The Rays Fail To Meet Expectations

Early in the 2009 season, the Tampa Bay Rays could do no wrong. Their biggest star, Evan Longoria, was on a torrid home run pace while Carl Crawford was flirting with 100 stolen bases.

In the end, Longoria’s stats were impressive but not phenomenal after a full season. Crawford, meanwhile, has 60 stolen bases which is not even good enough for first place thanks to the speedy Jacoby Ellsbury.

Worst of all, last season’s Cinderella Story, the Tampa Bay Rays, have been eliminated from the playoffs. Of course, it doesn’t help when you play in a division in which the top 2 teams, the Yankees & Red Sox, spent over $320 million in team payroll in 2009.

It’s been more than twenty years since anyone has stolen 100 bases. Vince Coleman accomplished the feat three years in a row starting in 1985 and reached 700+ career stolen bags despite playing 150 games or more just four times in a 13-year career.

You can find a Vince Coleman certified autograph in 2009 Tristar Obak.

He's No Vince Coleman...

Tim Wakefield is dangerously underrated

Walk up to a typical Red Sox fan, ask them about their favorite player and I will give you a crispy $100 bill if they don’t call out a Josh, Manny, or “Big Papi”. If you go the young route, it’s Jacoby, Dice-K, and Clay but what about the forgotten man, Tim Wakefield? Not only has he reached double-digits in wins 9 years out of a possible 13 with Boston, he has also done it while being moved around more than Mike Morgan, from starting rotation to the bullpen and back a couple more times.

Last season Tim won 17 games and still all anyone talked about was Josh Beckett, who won 20 and came this close to the Cy Young Award. Well, maybe it’s ironic that this season Tim & Josh are tied in wins (3) but it’s Tim who has the better ERA (3.33) compared to Beckett’s 4.13. Maybe it’s finally Tim Wakefield’s turn to shine or maybe much like my Mark Hendrickson post where the readers all but called me crazy, I am getting excited over nothing. Only time will tell!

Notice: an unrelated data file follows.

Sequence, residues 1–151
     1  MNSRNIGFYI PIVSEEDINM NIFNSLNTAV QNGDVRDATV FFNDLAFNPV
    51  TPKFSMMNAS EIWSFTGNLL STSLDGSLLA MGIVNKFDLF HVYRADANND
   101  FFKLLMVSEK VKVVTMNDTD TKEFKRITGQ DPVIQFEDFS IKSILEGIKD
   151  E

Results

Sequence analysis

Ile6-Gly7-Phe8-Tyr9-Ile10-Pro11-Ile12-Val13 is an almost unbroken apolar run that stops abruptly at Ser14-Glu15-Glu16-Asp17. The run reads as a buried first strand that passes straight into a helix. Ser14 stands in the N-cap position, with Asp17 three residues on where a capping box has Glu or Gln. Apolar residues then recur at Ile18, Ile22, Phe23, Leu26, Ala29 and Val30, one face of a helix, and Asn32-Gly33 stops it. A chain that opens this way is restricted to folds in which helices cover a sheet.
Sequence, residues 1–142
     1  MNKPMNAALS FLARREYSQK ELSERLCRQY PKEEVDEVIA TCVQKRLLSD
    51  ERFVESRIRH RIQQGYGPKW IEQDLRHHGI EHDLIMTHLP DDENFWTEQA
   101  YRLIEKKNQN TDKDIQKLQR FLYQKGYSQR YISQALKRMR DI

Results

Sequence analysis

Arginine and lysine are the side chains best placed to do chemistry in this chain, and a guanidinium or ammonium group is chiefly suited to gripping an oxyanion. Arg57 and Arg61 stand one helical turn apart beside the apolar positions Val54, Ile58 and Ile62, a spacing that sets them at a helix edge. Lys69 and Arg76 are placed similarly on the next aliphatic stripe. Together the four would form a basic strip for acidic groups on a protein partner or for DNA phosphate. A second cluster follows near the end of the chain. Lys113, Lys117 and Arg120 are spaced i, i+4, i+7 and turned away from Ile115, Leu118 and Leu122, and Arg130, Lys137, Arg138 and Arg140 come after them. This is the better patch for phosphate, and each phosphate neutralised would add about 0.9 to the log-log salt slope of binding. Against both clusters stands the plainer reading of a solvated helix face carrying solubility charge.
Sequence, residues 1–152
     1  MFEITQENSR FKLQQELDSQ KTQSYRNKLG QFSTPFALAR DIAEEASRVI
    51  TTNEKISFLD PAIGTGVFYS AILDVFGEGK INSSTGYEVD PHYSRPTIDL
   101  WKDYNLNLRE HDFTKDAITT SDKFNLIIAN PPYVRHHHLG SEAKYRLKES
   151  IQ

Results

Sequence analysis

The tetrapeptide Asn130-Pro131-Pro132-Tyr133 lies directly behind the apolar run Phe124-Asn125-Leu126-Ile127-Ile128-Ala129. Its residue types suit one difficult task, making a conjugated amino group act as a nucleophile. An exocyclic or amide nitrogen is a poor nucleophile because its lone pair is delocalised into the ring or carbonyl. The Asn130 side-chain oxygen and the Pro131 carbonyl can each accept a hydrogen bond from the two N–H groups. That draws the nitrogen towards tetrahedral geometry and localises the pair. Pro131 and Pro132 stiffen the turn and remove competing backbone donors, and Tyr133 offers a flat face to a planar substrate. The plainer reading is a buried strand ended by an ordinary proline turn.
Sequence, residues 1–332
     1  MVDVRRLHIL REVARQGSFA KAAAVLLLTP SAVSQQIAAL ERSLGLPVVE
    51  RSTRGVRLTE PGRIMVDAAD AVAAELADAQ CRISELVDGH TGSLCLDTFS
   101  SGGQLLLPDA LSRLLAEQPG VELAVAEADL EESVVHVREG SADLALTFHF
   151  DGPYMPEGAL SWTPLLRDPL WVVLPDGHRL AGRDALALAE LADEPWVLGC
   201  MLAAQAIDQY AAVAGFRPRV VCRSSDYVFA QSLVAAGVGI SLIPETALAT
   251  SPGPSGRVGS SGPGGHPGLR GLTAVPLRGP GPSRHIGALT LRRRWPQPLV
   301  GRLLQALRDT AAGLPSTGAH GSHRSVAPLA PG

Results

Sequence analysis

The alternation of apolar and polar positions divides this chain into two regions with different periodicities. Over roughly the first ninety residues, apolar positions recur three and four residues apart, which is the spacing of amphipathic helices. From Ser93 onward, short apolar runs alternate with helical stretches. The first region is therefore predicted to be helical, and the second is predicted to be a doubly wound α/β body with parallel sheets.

The Prospect Corner – Jacoby Ellsbury

This will be short and sweet because I think most people have been able to see the potential in Jacoby Ellsbury, but I wanted to make a few comments and give you a few comparable players. In some ways Ellsbury came as a surprise, bursting onto the scene just as the Red Sox were making their way towards another World Series title, but if you take a look at his minor league numbers his success is almost expected. I’ll admit, I wasn’t sure if he would come out of the gates putting up the solid numbers or just getting by, but sometimes a prospects initial response to being called up is hard to predict. He probably won’t sustain the batting average he had in ’07, but I think he’ll be very productive in the Red Sox line-up and Red Sox will soon forget Johnny Damon, if they haven’t already.

I really like several things about Ellsbury, including his speed of course, but I also really like his plate discipline. It’s pretty hard to find a hitter that will consistently maintain a BB/K rate of close to 1.0, and that along with his ability to make contact, will keep his on-base percentage up and make him a very valuable asset as the Red Sox try for a repeat. Leo Epstein and company have done a great job of drafting good young contact hitters that add depth and compliment their more established players.

Some of Ellsbury’s comparable came as a bit of a surprise for me, but I think Red Sox fans will be happy about them.

Reyes obviously went through the minors at a younger age, but with an adjustment for that age difference I think their numbers come out to be very similar. The only big differences I see are that Reyes showed a little more power, while Ellsbury showed better plate discipline.

Gonzalez (who is one of the most overlooked hitters in the National League) had a power surge at the age of 23 so he doesn’t provide quite the same comparison as Reyes, but the BB/K ratios, OBP and SLG numbers are all fairly close and it gives you a sense of the different directions Ellsbury’s career could go. Given the nature of the American League and where Ellsbury fits in with the Red Sox line-up, I think he’ll make a great top-of-the-order hitter, with an OBP and SLG close to what we see out of Reyes, and about 40-50 stolen bases in 2008. At 6’1” and 185 lbs, there’s always a chance that Ellsbury could hit for more power than Reyes, and I think he will, but it won’t be the type of numbers that Gonzalez is capable of putting up. So, here are my numbers for Ellsbury for 2008:


.290 .360 .445 .805 15 45

Even though he won’t stay on the pace he set for himself in 2007, I think 2008 will still be a very good year for Ellsbury. I wouldn’t advise buying any of his cards for investment purposes, but if you want a few for a personal collection then just wait until some of the hype dies down and you should be able to pick up a few at a decent price.